Les Binet cautions against ‘senseless’ price promotions as recession looms

Only a “tiny” proportion of promotional sales are shown to be incremental, which means most price promotions actually reduce profits, Binet explained.

Overdoing price promotions in an effort to counter sales decline could be a “recipe for disaster” for brands in the ongoing economic storm, according to adam&eveDDB’s group head of effectiveness and the co-author of The Long and Short of it, Les Binet.

Describing price promotions as “the crack cocaine of marketing”, Binet told the IPA’s Global Effworks Conference today (13 October) that while “excessive” discounting is “usually a bad idea anytime”, it’s a particularly bad idea at a time when prices are rising so rapidly.

He explained: “Price promotions on the face of it appear to be an incredibly powerful tool for stimulating sales. When you run a price promotion, you’ll see a spike in sales, and most of the extra volume appears to come from [that].”

However, that spike is just an “illusion”, Binet said. Using econometrics, marketers will find the true incremental volume sales from price promotions to be considerably lower.

“A big chunk of your promoted sales is actually just subsidising existing sales. You’re giving away discounts to people who would have bought you already,” he said.

“Another chunk of your sales are just time shifted. You’re bringing sales forward. You’re getting extra sales this week at the expense of next week.”

Don’t optimise ROI, optimise net profit. The optimum ROI budget is always zero. If you optimise ROI you will destroy your business.

Les Binet, adam&eveDDB

The third chunk of a brand’s promotional sales have been relocated from other sales points, he added.

“You run a promotion in Sainsbury’s, you’re cannibalising yourself in Tesco. You run a promotion online, you cannibalise your bricks and mortar sales.”

Once these sales are removed, only a “tiny” proportion of promotional sales are shown to be incremental, which means most price promotions actually reduce profits. Indeed, data firm Nielsen estimates around 84% of price promotions are unprofitable.

“If you keep doing it, you increase your price sensitivity, reduce your pricing power and erode your margins,” Binet said.

He called out the promotions of rapid delivery firms such as Getir and Gorillas last Christmas, the first following the pandemic lockdown in 2020, as a “particularly bad example”. The brands were “giving away sales” to buy customers which they ultimately wouldn’t be able to keep, Binet claimed.

“Price promotions are a drug. They are the crack cocaine of marketing. I hope that we see an end to the senseless promotions that we’ve seen,” he said.

Tweaking promotions may be a “really easy” way for marketers to adjust their pricing strategy to meet the demands of the probable recession on the horizon, and can be “immensely profitable”, Binet added.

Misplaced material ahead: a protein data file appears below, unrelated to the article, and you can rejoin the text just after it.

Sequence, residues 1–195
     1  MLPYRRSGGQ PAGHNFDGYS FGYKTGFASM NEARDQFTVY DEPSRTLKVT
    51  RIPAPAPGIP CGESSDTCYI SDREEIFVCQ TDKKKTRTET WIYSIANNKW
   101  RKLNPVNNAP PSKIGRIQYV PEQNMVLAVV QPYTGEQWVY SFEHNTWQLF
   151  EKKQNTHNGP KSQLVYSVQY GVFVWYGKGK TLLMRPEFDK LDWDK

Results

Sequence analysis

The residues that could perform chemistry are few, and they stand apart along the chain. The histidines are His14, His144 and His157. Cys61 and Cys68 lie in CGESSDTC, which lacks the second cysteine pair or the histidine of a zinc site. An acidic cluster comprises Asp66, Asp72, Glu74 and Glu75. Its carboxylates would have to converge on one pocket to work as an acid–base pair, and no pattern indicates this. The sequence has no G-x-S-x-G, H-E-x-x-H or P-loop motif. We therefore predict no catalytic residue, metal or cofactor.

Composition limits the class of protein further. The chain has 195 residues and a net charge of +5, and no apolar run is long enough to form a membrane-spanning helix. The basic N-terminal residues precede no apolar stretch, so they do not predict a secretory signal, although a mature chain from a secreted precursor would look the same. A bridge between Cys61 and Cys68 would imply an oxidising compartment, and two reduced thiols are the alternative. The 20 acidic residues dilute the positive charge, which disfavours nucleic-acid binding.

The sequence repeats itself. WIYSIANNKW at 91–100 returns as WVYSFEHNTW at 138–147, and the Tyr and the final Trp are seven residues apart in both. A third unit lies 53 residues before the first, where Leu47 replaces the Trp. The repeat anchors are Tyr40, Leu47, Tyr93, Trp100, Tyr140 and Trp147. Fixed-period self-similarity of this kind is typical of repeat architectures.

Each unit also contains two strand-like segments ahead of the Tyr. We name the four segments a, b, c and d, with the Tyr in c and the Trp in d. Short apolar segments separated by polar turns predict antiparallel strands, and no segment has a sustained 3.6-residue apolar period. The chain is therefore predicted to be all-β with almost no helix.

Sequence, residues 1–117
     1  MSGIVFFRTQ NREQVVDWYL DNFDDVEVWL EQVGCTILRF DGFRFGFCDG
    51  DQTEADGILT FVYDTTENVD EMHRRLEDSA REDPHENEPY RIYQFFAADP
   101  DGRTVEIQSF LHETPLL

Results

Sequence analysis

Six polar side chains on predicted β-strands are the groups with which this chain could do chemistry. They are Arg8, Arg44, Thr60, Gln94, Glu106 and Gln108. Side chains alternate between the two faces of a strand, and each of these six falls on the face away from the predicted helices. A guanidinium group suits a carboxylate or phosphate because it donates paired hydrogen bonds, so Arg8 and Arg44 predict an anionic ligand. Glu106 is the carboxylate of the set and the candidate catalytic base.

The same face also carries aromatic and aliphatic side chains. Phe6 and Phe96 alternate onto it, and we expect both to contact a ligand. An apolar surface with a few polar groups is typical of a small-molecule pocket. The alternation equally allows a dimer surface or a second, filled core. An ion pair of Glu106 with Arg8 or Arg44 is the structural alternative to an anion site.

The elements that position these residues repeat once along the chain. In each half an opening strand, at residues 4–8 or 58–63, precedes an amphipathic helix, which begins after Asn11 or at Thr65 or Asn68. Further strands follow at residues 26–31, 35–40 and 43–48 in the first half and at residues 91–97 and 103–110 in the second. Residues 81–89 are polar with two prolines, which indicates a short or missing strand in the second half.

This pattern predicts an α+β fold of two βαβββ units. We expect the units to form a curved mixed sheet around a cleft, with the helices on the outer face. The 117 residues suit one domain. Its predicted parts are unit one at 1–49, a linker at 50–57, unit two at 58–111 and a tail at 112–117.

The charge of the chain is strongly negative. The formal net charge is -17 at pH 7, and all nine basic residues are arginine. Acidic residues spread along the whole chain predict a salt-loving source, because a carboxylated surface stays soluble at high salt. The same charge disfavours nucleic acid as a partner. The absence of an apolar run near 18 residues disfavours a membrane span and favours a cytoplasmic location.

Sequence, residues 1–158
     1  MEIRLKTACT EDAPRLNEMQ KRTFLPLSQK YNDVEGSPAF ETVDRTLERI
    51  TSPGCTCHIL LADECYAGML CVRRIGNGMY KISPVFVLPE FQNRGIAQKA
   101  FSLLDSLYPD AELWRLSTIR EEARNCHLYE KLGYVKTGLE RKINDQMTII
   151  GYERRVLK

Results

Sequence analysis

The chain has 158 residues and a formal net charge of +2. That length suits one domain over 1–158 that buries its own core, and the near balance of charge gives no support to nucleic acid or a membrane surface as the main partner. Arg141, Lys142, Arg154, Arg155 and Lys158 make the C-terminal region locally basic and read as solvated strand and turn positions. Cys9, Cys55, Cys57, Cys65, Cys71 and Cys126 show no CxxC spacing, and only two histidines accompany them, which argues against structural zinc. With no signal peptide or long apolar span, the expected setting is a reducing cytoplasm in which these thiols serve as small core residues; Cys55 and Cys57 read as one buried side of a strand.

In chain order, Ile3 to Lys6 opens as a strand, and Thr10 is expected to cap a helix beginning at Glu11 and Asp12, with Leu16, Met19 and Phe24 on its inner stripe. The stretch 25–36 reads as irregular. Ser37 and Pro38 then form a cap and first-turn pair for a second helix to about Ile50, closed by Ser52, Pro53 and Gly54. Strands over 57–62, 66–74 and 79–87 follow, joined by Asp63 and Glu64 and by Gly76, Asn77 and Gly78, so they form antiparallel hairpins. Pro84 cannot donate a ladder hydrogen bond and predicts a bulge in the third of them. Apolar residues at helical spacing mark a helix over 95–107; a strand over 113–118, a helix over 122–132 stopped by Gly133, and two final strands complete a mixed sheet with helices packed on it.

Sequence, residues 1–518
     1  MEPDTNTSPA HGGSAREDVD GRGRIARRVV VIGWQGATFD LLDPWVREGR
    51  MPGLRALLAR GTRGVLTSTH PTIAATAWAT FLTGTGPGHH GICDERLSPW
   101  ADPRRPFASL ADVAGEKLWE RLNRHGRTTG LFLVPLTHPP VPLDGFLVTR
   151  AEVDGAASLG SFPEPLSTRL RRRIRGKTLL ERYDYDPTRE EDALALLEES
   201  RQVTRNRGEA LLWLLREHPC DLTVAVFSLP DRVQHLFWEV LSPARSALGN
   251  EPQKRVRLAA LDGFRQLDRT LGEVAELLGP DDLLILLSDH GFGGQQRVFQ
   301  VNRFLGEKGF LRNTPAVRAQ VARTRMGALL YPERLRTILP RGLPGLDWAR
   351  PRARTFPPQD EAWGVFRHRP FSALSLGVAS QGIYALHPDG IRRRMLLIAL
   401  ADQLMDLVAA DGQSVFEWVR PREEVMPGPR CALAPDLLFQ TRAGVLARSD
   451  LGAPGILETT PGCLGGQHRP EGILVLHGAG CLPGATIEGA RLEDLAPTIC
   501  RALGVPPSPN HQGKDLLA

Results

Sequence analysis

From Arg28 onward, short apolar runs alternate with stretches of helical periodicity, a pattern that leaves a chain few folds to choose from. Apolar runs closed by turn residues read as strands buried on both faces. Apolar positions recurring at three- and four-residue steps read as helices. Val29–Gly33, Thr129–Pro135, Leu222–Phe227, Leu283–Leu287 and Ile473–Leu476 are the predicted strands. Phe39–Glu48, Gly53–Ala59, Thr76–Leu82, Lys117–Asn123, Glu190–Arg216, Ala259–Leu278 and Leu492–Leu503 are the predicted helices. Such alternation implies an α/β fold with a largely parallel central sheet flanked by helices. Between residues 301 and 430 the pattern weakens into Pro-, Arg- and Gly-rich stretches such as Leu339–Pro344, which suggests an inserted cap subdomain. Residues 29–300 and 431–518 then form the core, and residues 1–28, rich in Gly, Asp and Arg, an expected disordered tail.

“A few years back I worked with a brand that found itself with supply problems, and I recommended they cut their price promotions. Their profits went up by 20% overnight,” he claimed.

Binet advised brands to use econometrics to work out the price elasticity of their products and correctly optimise their pricing strategy. Econometrics can also reveal the value a strong brand can deliver in supporting higher prices and “fatter” margins.‘Vicious cycle’: Why brands are choosing to ditch the discounts

“We know that the stronger the brand, the lower the price elasticity, the greater the pricing power, the more margin you can make,” he said.

“Optimise your pricing, optimise your promotions, get your margins to the right level. And then you can start thinking about advertising investment.”

Attribution and ROI

While the common advice for brands during a downturn is to continue to invest in advertising, the risk associated with all investments is more considerable during economic uncertainty. Binet argued that the correct research and measurement can help to reduce that risk.

However, he took aim at attribution modelling, describing it as “probably the biggest single thing destroying our industry”.‘Marketers need to get real’: Addressing the significance of ROI

“Measure financial payback, but measure it properly. Don’t use attribution modelling. It’s a useful way of comparing short-term efficiency, but it doesn’t give you true ROI,” he said. “It tells you completely the wrong numbers.”

In fact, attribution modelling overestimates the effects of short-term direct activity by a factor of two, and underestimates the effect of long-term brand building by a factor of 90%, he claimed.

Advising brands to measure and optimise their budgets against net profit, Binet warned marketers against optimising ROI.

“Don’t optimise ROI, optimise net profit. The optimum ROI budget is always zero. If you optimise ROI you will destroy your business,” he said.



Case study: Patagonia’s ‘Don’t buy this jacket’ campaign

Josie Allchin

Outdoor clothing manufacturer Patagonia was founded by climbing enthusiast Yvon Chouinard in 1973 and is using a marketing strategy which could be thought of as being part nudge, part shock tactics. The company initially made climbing equipment but changed its philosophy to focus on environmentally-sound products after Chouinard realised his climbing tools were causing damage to rocky cliff faces.